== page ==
The Classics Spin

I’ve just signed up to take part in an event called the Classics Spin, details here and being hosted by the Classics Club.  Fortunately this isn’t really reading intensive but I think it’s a really great idea (picked up courtesy of a lovely blogger who you can find here should you wish to take a look).

Obviously it involves reading (dur) but it’s hopefully not too intensive (although I suppose that depends on which book is randomly selected! How many pages in Les Miserables?)   By Monday 18th you need to list a choice of twenty books – if you check out the blog it does say from your Classics Club list – which I don’t have!!  Hopefully nobody will mind if I take part.  I’ll just tiptoe in and post my list and wait to see what number pops up.  Then the challenge is to read whatever book is listed against this number in February and March.  Now, the idea is not to just pick 20 books that you would love – have a look at the books you’ve had sat waiting on your shelves, the ones you’ve been putting off reading – and put some of these on the list (and don’t be pretending you don’t have any because you know you do!  Those books have shown enough patience already and it’s there time to have a chance).  This could give you the impetus to pick them up and might also help you to stay on track with a New Year’s resolution?   So, without further ado my list is as follows: (and believe me, I’ve chosen books that I’ve had on my shelves for a long time and I would sooner read some of these than others – but I’m not giving any clues aways about which ones I’m dreading!) (apart from the last four I own all these books):

  1. 20,000 Leagues Under the Sea by Jules Verne
  2. Les Miserables by Victor Hugo
  3. Cloud Atlas by David Mitchell
  4. David Copperfield by Charles Dickens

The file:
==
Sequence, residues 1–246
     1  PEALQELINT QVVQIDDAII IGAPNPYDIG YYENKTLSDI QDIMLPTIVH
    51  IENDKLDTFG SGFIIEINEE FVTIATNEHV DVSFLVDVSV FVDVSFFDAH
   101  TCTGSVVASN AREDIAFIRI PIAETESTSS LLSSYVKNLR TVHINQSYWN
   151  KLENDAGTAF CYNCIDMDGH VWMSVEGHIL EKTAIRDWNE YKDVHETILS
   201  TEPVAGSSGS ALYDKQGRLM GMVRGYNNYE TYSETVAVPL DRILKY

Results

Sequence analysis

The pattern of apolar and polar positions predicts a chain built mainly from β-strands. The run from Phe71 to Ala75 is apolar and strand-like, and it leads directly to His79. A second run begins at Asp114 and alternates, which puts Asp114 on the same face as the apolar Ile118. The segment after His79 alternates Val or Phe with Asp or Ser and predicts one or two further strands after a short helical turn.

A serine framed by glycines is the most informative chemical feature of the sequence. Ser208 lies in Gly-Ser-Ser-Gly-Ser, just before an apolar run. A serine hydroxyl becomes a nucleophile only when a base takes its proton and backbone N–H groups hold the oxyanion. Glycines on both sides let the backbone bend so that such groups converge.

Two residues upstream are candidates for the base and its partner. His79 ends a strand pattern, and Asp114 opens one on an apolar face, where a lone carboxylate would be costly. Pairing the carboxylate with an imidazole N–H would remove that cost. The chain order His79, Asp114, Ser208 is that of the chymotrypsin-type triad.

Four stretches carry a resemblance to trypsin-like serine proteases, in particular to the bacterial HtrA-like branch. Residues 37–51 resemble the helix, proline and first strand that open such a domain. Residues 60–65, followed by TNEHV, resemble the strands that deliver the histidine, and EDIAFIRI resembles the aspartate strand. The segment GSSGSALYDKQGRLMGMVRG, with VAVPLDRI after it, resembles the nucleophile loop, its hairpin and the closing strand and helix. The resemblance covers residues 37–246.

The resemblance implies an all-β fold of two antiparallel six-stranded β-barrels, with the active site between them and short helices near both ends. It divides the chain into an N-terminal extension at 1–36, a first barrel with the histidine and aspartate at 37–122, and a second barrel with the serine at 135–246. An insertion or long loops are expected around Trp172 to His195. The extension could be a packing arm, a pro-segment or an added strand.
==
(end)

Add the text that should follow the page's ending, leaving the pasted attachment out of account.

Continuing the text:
5. North and South by Elizabeth Gaskell
  6. The Unicorn by Iris Murdoch
  7. Three Men in a Boat
  8. The Birds by Daphne du Maurier
  9. A Passage to India by E M Forster
  10. Legend by David Gemmell
  11. Under the Greenwood Tree by Thomas Hardy
  12. The Mote in God’s Eye by Larry
  13. The Master of Ballantrae by Robert Louis Stevenson
  14. The Ghost of Sleath by James Herbert
  15. Twelfth Night by Shakespeare
  16. Wicked by Gregory Maguire
  17. The Once and Future King by T H White
  18. Madame Bovary by Gustave Flaubert
  19. The Importance of Being Ernest by Oscar Wilde
  20. Something Wicked this Way Comes by Ray Bradbury

23 Responses to “The Classics Spin”

  1. TBM

    This sounds fun! I hope you get one you really want to read. How long is Les Mis?

    • lynnsbooks

      Les Mis is about 1,000 pages apparently – my version is on kindle so difficult to tell! Anyway, I got The Ghost of Sleath – hope it’s good!
      Lynn 😀

  2. jessicabookworm

    I am taking part in The Classics Club but decided not take part in the Classics Spin this time around. Looking forward to seeing what everyone reads though. Good luck 🙂

    • lynnsbooks